His biggest client is a rookie NFL quarterback. Just as he is about to sign his contract things get complicated. There are signs that his girlfriend who is missing and presumed dead may still be alive. Bolitar is determined to find her if she is alive. 

I listened to this as an audiobook. I thought the narrator, Jonathan Marosz, did an excellent job. I thought his deadpan conveyed the humor well and was serious when needed.

Tuesday, July 16, 2019

Monastic Life at Cluny

Image result for Monastic Life at Cluny joan evansMonastic Life at Cluny 910-1157 by Joan Evans, 130 pages

As Rome fell and the medieval world rose, Christian monasticism flourished.  As time passed, however, the same monasteries that served as fortresses of the faith fell into decadence and dissolution.  The Carolingian reform established the Rule of St Benedict throughout Western Europe, but the corruption was great and the workers few.  In 910 William of Aquitaine gifted a portion of his hunting preserve to the reforming abbot of Baume, St Berno, on which the monastery of Cluny was founded.  Adhering to strict interpretation of the Rule, dedicated to the celebration of the liturgy, and directly subject to the Pope, under a series of saintly abbots Cluny became the center of the 10th century monastic reform that ushered in the High Middle Ages.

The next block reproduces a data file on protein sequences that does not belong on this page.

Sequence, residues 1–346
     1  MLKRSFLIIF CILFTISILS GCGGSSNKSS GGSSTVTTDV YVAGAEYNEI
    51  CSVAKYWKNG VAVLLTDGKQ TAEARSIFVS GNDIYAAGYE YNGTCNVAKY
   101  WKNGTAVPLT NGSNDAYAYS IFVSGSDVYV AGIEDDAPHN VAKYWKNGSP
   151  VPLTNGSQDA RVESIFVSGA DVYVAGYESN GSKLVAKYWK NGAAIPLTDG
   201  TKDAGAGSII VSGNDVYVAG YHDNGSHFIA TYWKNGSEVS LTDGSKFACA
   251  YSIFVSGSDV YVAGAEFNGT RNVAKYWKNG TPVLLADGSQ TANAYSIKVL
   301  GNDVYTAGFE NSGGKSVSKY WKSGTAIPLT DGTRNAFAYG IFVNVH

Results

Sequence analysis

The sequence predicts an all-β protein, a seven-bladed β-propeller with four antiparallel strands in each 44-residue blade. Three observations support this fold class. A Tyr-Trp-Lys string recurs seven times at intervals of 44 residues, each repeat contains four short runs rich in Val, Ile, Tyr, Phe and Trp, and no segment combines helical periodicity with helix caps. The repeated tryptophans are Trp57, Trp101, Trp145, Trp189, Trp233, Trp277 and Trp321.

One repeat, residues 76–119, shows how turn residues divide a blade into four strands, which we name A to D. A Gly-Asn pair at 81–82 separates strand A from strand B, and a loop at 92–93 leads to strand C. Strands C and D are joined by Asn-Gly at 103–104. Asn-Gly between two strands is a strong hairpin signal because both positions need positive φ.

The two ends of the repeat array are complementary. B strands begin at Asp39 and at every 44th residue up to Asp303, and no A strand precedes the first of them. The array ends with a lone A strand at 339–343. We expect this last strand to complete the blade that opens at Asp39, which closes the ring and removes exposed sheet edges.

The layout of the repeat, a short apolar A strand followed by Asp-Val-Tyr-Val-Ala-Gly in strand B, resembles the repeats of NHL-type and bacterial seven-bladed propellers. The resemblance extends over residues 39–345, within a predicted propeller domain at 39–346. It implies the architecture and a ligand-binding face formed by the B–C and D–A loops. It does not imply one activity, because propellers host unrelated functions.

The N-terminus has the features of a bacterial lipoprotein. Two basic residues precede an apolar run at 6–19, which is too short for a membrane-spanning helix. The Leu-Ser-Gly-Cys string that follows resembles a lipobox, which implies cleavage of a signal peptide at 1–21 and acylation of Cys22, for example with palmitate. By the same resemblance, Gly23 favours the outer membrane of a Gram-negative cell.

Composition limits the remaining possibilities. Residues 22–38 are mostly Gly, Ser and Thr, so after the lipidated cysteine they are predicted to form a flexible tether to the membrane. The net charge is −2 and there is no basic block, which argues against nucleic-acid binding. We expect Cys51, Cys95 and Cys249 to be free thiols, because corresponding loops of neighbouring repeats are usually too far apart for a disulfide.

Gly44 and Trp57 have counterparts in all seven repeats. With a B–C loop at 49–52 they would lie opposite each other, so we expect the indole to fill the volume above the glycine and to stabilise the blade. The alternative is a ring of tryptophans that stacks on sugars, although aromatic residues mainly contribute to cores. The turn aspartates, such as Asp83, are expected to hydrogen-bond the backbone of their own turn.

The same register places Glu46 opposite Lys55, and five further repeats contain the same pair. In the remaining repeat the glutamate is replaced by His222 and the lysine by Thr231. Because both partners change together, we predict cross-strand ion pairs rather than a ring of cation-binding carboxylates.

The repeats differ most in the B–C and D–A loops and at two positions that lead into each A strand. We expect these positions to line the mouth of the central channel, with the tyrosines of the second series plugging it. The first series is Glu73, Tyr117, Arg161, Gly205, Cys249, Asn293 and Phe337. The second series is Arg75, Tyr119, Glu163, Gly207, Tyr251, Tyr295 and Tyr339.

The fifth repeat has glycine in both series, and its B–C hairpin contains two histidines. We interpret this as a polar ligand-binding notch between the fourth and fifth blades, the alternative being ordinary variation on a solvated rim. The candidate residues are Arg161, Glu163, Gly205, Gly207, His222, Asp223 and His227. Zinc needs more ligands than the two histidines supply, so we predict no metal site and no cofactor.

The Cluniacs were eventually overshadowed by the rise of the Cistercians, an eclipse which was perpetuated by posterity.  Joan Evans' short book does nothing to reverse this, indeed, it is barely interested with Cluny's role in the broader reform movement.  Instead, Monastic Life at Cluny is a more modest description of the history of the particular monastery of Cluny and the daily life of the monks.  It is no less valuable for that - it was through this life and for the sake of this life that the world-historical work of reform was carried out.

Sunday, July 14, 2019

Lock Every Door

Lock Every Door by Riley Sager    386 pages